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Download all course pages [zip - 10MB]Video and audio elements from this course are also available on: Ben Polak is Professor of Economics and Management in the Department of Economics and the School of Management at Yale University. A second aim is to predict how other people or organizations behave when they are in strategic settings. We will learn new concepts, methods and terminology. Most of the reading for this course comes from the first ten chapters of Dutta or from the first two parts of Watson. The readings are not compulsory, but they will help back up the class material.

Economist George Taylor was the first to notice the correlation between fashion and the economy; he developed the “Hemline Theory” to describe his findings.

It questions the assumption, nearly universal since Solow's seminal contributions of the 1950s, that economic growth is a continuous process that will persist forever.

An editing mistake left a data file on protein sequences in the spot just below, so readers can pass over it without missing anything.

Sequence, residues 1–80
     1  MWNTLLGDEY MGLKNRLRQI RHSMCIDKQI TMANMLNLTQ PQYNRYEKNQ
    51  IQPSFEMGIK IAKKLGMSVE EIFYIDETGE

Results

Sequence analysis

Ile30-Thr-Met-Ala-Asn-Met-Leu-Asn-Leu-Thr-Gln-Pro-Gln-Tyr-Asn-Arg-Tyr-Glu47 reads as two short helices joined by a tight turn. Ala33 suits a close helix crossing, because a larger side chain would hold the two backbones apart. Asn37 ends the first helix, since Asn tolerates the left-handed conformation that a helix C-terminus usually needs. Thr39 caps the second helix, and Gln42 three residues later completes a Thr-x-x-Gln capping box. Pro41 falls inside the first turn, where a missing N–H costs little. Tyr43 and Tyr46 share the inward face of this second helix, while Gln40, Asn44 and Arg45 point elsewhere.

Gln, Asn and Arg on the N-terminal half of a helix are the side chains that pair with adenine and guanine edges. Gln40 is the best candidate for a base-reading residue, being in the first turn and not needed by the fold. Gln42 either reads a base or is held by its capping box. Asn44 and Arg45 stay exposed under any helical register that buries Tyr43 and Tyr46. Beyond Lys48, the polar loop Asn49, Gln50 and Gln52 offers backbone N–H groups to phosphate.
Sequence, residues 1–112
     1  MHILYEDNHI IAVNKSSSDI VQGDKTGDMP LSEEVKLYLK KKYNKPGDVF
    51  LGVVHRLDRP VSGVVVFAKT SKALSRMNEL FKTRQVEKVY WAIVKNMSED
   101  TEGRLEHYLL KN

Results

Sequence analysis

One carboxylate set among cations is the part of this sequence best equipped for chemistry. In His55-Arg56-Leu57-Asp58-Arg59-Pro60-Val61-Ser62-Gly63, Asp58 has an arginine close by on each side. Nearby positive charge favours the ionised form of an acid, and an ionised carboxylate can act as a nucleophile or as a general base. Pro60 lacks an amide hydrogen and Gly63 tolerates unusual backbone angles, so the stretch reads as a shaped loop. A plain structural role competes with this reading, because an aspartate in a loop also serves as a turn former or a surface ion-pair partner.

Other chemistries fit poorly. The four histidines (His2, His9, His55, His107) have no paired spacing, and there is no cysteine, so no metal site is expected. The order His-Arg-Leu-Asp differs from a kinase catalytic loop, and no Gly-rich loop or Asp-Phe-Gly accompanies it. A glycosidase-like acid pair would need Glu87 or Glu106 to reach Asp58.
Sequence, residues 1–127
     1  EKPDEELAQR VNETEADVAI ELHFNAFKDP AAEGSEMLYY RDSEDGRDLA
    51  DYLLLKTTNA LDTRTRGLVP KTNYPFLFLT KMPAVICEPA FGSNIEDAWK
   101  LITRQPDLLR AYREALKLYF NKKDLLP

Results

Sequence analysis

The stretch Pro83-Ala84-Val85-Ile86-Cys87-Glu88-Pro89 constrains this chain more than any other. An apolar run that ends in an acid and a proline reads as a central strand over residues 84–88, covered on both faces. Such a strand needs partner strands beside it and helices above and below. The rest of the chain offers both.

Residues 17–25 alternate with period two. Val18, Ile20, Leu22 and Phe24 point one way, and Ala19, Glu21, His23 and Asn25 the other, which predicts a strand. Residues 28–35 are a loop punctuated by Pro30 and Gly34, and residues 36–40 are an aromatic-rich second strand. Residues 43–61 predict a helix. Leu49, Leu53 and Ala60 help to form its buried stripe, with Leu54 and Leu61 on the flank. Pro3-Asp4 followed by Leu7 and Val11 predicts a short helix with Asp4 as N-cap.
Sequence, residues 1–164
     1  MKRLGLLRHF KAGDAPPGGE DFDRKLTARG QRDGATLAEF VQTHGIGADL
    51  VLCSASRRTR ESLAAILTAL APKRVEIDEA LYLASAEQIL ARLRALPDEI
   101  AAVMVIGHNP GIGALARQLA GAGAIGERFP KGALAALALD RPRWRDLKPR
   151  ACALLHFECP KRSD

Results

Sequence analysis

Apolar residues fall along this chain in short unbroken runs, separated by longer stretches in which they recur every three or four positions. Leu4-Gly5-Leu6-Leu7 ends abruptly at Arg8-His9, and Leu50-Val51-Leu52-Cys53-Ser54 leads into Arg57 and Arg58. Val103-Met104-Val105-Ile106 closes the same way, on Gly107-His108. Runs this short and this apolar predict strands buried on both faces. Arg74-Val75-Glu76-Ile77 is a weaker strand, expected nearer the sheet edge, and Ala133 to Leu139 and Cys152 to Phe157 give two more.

There was virtually no growth before 1750, and thus there is no guarantee that growth will continue indefinitely. Growth in this frontier gradually accelerated after 1750, reached a peak in the middle of the 20th century, and has been slowing down since.

Rather, the paper suggests that the rapid progress made over the past 250 years could well turn out to be a unique episode in human history. The paper is about "how much further could the frontier growth rate decline?

The paper is only about the United States and views the future from 2007 while pretending that the financial crisis did not happen. " The analysis links periods of slow and rapid growth to the timing of the three industrial revolutions (IR's), that is, IR #1 (steam, railroads) from 1750 to 1830; IR #2 (electricity, internal combustion engine, running water, indoor toilets, communications, entertainment, chemicals, petroleum) from 1870 to 1900; and IR #3 (computers, the web, mobile phones) from 1960 to present.